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Giving up jibing, for now
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johnl



Joined: 05 Jun 1994
Posts: 1182
Location: Hood River OR

PostPosted: Sat Jun 22, 2013 9:56 am    Post subject: Reply with quote

beaglebuddy wrote:
I live on this little island of Kauai where there are no windsurfing schools or instructors.
I do know of a guy who gives kiting lessons and he's a great windsurfer so maybe he can give a lesson, or I can fly to Maui.
When I sailed the other day I tried the tack the one good thing was when I fell for whatever reason the mast fell on the right side LOL
Funny, i wanted to talk about tacking but everyone only wants to give jibing advise!
I'll start another post about the jibe.


That is because those of us who tack and jibe are in the minority 😓.
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jingebritsen



Joined: 21 Aug 2002
Posts: 2437

PostPosted: Sun Jun 23, 2013 9:31 am    Post subject: Reply with quote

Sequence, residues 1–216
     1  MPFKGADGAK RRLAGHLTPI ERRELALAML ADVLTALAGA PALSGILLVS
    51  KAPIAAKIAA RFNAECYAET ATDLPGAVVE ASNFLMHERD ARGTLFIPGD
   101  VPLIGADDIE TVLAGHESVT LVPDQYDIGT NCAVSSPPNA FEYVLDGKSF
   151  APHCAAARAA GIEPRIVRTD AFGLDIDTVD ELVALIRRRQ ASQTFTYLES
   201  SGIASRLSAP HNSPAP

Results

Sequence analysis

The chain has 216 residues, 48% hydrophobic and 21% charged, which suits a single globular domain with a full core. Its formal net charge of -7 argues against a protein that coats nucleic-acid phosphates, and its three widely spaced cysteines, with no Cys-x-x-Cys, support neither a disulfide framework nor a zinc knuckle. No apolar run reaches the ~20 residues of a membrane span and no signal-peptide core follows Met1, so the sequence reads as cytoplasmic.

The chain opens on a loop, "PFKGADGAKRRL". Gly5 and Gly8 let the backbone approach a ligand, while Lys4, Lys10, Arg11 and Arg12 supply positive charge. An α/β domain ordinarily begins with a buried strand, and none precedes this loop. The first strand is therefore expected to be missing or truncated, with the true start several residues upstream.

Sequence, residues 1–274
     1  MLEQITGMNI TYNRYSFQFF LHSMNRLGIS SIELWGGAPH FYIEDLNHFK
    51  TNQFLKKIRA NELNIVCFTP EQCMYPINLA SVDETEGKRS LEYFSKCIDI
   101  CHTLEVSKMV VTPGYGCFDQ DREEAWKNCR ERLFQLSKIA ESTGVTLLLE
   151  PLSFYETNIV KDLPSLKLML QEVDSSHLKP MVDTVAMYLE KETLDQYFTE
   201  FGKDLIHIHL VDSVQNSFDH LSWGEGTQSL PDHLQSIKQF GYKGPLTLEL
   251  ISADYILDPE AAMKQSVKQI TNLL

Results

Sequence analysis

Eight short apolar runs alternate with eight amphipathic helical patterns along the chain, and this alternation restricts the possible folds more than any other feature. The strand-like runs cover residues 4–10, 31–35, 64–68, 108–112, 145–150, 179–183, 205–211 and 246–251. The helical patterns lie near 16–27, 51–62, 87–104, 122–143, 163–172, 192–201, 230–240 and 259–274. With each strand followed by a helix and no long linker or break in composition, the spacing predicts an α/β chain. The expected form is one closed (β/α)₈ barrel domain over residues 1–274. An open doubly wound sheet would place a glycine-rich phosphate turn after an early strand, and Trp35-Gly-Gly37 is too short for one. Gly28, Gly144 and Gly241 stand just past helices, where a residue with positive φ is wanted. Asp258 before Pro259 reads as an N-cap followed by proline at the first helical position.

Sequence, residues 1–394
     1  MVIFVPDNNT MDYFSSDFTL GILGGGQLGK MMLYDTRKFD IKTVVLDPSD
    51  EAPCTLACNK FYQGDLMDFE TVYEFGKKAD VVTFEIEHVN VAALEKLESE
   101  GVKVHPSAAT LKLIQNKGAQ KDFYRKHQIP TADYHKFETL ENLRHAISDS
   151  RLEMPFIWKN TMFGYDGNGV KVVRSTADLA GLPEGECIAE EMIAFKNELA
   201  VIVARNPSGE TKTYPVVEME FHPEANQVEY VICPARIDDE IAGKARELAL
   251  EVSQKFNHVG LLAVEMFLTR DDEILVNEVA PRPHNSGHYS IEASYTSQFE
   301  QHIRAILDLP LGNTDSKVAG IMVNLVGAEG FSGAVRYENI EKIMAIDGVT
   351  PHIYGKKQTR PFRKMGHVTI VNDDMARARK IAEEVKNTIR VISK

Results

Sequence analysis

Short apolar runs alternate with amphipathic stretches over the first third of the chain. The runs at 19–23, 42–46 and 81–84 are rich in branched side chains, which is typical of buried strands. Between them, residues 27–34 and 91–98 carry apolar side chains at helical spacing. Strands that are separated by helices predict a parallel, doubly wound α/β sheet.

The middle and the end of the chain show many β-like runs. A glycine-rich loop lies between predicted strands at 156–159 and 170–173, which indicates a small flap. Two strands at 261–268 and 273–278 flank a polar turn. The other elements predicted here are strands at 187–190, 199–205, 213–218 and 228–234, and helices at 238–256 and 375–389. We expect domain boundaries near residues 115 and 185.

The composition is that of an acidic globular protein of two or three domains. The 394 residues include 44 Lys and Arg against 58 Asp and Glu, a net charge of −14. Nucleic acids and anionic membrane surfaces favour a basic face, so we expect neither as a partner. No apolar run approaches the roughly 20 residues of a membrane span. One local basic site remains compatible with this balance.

i tack tons. i've been able to do ever better ones by trying different stuff with my long board. if you have the ability to remember the flow charts of if then, variation to variation, try different stuff with lots of repetition of changing one variable to another.

i tend to try as many different planing tack tricks as possible throughout a month. carve hard with heels, transition ever earlier, etc.

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jsampiero



Joined: 20 Jun 2006
Posts: 678

PostPosted: Sun Jun 23, 2013 12:32 pm    Post subject: Reply with quote

Shortboard tack - so useful when you start sailing waves. Was/is WAY harder for me to learn than jibes! When I tack my 80-liter wave board and keep my knees out of the water, I'm stoked Smile


It's been suggested elsewhere in the thread, but - ISOLATE. Practice the carve. Practice the sail flip. Commit it all to muscle memory. Then assemble.

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Barnett



Joined: 11 Jul 2000
Posts: 115

PostPosted: Mon Jun 24, 2013 11:08 am    Post subject: Reply with quote

It took me forever to get my first jibe, and I'm still not all that good at it.

The good thing about being a crappy jiber is that it feels so GOOD when you make it around! You feel like Mr. Cool.

Keep trying.
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PeconicPuffin



Joined: 07 Jun 2004
Posts: 1220

PostPosted: Mon Jun 24, 2013 1:29 pm    Post subject: Reply with quote

[quote="drysuit2"]
boardsurfr wrote:
beaglebuddy wrote:
...multi-day camps with ... are much better, because you will not only work on the jibe, but also on other skills that really help with jibe success.